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Cloud Based EHR software for Clinical Care in Emerging Countries

Cloud Based EHR software for Clinical Care in Emerging Countries
18 September 2018

Cloud Based EHR Software | Cloud Technology

Cloud technology usage is common and widespread in developed countries, with even the most secure industries working on shifting much of their operations and information to the cloud. One of those industries is healthcare. This 2017 report, Impact of Cloud Computing on Healthcare, Version 2.0, illustrates why cloud computing will become the global standard for medical care over the coming years and decades. Surprisingly, it is the emerging countries, not the developed ones, that stand to benefit greatly from the implementation of cloud solutions. This is because many of them have the ability to implement these cloud solutions easily, without having to overcome challenges and barriers in countries with existing technological and operational processes in place. Basically, they can build their house from the ground up, with everything planned out, instead of trying to figure out how to add on to an already existing building. They can leapfrog to the cloud directly – which is generally a less expensive and more powerful solution.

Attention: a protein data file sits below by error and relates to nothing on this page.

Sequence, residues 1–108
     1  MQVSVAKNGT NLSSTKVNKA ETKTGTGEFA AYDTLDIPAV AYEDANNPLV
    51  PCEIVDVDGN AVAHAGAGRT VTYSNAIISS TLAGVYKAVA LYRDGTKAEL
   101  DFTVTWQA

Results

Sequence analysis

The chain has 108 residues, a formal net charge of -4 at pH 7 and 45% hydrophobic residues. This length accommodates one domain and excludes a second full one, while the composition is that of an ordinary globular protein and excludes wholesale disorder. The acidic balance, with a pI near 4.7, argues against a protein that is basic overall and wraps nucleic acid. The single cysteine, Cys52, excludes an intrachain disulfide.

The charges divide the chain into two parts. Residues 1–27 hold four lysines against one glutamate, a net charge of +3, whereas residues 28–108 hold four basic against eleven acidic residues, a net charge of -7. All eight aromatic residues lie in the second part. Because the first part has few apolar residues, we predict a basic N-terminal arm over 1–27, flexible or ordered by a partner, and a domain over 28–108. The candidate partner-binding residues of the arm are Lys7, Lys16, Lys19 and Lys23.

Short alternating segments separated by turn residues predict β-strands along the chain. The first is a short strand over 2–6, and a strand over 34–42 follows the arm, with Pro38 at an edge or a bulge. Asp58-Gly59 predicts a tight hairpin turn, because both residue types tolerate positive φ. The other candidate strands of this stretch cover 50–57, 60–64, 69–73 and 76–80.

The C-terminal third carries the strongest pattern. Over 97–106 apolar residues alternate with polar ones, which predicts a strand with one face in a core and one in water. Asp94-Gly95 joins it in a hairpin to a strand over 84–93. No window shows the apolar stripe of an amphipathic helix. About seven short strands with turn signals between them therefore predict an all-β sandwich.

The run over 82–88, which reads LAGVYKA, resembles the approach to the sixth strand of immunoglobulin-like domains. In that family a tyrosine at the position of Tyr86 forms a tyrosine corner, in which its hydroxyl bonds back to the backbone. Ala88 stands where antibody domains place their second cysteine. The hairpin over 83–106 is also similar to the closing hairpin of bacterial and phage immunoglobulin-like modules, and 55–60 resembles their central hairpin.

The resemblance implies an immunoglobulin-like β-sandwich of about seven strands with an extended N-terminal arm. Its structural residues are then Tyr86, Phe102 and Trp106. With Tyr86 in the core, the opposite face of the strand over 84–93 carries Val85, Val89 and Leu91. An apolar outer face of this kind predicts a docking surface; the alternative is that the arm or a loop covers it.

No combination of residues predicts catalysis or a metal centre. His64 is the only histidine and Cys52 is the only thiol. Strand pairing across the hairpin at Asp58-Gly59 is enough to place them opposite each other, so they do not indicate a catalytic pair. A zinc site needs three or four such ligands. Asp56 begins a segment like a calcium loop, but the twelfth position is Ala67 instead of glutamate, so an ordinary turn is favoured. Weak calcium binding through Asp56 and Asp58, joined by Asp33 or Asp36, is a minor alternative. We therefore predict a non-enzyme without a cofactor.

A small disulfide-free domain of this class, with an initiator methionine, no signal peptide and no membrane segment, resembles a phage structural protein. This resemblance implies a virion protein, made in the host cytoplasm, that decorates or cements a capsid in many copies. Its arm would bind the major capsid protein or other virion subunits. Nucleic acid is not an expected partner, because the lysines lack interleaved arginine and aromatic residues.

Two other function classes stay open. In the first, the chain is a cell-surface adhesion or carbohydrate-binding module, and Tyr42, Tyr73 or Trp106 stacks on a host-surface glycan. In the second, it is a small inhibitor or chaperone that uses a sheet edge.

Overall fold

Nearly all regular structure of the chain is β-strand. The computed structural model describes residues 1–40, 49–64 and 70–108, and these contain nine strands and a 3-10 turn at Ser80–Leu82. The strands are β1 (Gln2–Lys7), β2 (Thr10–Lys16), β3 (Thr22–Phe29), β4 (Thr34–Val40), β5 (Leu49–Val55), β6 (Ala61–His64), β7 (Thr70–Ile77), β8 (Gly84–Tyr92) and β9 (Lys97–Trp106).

Cloud technologies in a healthcare setting has many advantages that makes it a vital tool in providing healthcare in resource-depleted regions. Many of those benefits can be seen with the example of the large scale implementation of blueEHR software with Sanford Clinics, which was completed in clinics across the entire Africa continent, in under 30 days. Several key advantages of cloud based EHR software is briefly covered below. 

Portability – Unlike traditional, non-interoperable medical equipment, many of the platforms that run on the cloud can be easily installed on most off-the-shelf mobile devices. While this has, at times, posed a challenge for regions without sufficient network coverage, cloud based EHR software applications allow its users to continue using it while offline, allowing for data to be taken down and/or viewed, and then automatically synchronize with the cloud when a network becomes available. This allows for patient data to be uniform and as up to date as possible.

Versatility – Since cloud configurations are generally easy to change, the platforms often allow for configurations that comply with all local regulations and restrictions. They also often include multiple languages in order to accommodate the region. This makes them customizable and accessible for any language or country.

Integration – Some of the cloud based EHR software offer the ability to integrate with third party applications that can be used for diagnostics or medication management or billing, among other things. This ability to integrate will become increasingly important given the rapid expansion of the Internet of Things (IoT), including those related to clinical care. It will only allow for easier and quick customization of the software and system to meet the needs, or accommodate the challenges, of the provider.